I normally don’t quote from the New York Times (where I worked, for about two years, as a reporter), but I couldn’t help commenting on a report in the Sunday paper about Nevada moving towards a lottery.
For years there has been talk of this. The Casinos were against it. But the state…was losing money because players would go to retailers on the state line and play the California Lottery when jackpots were big. One example of that is NOW, when the Mega Millions game has risen to $181 million. Mega Millions is played in California.
The Times story begins in a lottery store just 45 miles from Vegas.
Despite being surrounded by the world’s most famous casinos as well as slot machines in almost every corner convenience store, The Times article said, “Nevadans love playing the numbers. But the state is one of just seven that still prohibit lotteries.”
Here is some of the rest of the Times story.
Faced with a budget deficit of about $3 billion and armed with opinion polls showing that more than 70 percent of residents support a lottery, state lawmakers are considering a measure that would begin the lengthy process of legalization.
But opponents, such as legislators who call it a regressive tax that preys on the poor and owners of casinos off the Las Vegas Strip that cater to local residents and fear the competition, say they will work hard to ensure that does not happen.
“I’m getting letter after letter from people who want a lottery, and they should be able to have one,” said Assemblyman Paul Aizley, Democrat of Las Vegas, who introduced a resolution to allow a lottery, which the Assembly passed last week by a vote of 31 to 11.
The bill is before the Senate, where its chances are unclear, but the majority leader, Steven A. Horsford, a Democrat from the Las Vegas area, is a longtime supporter of a lottery.
It won’t happen overnight. Assuming that lottery supporters prevail, Nevadans could not hope to buy tickets before 2013 because altering the state’s Constitution would require that Mr. Aizley’s bill pass the Legislature twice and be approved in a statewide referendum.
“It’s just so inefficient because for every $1 that is collected, the state only keeps about 35 percent,” Mr. Sweeney said. “But Nevada has to be so accustomed to gambling that I can’t imagine there would be opposition.”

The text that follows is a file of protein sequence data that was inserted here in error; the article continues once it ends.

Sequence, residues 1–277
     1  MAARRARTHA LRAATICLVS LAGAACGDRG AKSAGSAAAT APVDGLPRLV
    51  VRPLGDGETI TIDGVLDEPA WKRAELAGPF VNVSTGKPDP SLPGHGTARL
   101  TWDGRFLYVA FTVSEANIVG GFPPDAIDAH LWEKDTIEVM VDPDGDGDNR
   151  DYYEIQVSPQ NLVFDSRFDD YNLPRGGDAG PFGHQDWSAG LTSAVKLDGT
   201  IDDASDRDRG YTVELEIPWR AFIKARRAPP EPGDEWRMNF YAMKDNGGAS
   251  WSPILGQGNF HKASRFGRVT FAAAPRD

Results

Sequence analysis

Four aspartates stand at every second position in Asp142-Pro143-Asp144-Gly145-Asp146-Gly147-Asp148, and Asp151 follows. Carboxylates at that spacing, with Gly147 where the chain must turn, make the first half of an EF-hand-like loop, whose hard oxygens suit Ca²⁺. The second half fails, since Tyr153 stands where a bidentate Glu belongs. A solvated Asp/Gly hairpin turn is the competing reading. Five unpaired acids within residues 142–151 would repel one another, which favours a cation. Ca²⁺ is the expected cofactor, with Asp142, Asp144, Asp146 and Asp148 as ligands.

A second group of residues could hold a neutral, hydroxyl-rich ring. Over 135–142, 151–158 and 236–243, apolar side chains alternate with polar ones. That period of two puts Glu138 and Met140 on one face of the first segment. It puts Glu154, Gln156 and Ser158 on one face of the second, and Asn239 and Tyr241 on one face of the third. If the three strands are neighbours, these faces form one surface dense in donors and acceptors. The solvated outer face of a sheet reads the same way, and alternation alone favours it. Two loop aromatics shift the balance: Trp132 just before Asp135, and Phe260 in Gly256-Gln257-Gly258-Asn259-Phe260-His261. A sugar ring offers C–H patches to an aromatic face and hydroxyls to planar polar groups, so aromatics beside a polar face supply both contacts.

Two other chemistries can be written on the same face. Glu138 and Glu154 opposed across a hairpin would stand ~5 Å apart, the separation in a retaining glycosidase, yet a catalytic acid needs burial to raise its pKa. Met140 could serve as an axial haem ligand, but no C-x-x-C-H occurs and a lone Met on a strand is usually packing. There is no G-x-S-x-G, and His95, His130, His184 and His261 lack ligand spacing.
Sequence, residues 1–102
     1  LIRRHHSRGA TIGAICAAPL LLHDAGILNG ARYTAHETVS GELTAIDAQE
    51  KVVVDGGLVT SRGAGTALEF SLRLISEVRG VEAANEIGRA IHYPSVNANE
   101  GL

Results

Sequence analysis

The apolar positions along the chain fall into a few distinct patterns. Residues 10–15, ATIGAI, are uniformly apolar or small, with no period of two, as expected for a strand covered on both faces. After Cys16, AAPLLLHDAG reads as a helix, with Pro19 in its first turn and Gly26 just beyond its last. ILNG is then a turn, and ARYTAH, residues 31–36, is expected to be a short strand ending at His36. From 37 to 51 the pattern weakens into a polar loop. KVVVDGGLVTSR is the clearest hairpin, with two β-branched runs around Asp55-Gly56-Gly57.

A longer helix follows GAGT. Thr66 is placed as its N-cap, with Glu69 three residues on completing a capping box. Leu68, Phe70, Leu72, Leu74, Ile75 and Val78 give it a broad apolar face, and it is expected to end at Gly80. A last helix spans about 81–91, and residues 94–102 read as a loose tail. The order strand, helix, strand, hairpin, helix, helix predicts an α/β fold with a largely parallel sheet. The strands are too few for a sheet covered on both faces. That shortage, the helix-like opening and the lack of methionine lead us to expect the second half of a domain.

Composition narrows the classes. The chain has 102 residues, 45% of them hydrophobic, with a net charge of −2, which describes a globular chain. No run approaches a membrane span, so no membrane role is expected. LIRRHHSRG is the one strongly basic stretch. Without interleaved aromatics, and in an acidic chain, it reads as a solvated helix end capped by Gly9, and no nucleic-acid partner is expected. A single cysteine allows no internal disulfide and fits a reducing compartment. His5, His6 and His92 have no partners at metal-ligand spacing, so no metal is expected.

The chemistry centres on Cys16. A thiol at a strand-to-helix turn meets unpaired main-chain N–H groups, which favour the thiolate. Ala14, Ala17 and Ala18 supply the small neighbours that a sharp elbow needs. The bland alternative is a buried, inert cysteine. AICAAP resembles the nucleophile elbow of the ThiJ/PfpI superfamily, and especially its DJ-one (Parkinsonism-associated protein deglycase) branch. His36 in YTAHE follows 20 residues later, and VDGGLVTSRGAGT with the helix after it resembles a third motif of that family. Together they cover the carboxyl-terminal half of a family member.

But opposition there is.
State Senator John J. Lee, Democrat of Las Vegas, who has long argued against a lottery, cited his pervasive fear that “a mother would go into the store to buy two gallons of milk and a loaf of bread but play the lottery instead and leave with one gallon of milk.”
Casino owners who oppose a lottery offer other reasons. Lori Nelson, a spokeswoman for Station Casinos, which owns 18 casinos geared to Nevada residents, asked, “Why would you want to have the state compete against its largest industry?” And Rob Stillwell of Boyd Gaming, owner of seven Las Vegas properties, said lotteries, which “can operate as kiosks” with relatively few employees, had an unfair advantage over casinos, which have the expense of infrastructure, amenities and a substantial payroll.
Mayor Oscar B. Goodman of Las Vegas, a lottery supporter, suggested something that might allay casino owners’ concerns. “Just make it so lottery tickets can only be sold in casinos,” Mr. Goodman said. “I know who the best customer in the world would be: Me!”
GAMES WE PLAY:
The April 27 Mega Millions jackpot, as we’ve said, is worth $181 million.
The April 28 Powerball jackpot is $65 million.
Euro Millions, on May 1, offers up a 98 million euro jackpot, or about $129.8 million, U.S.
To all the players around the world who play these games, good luck.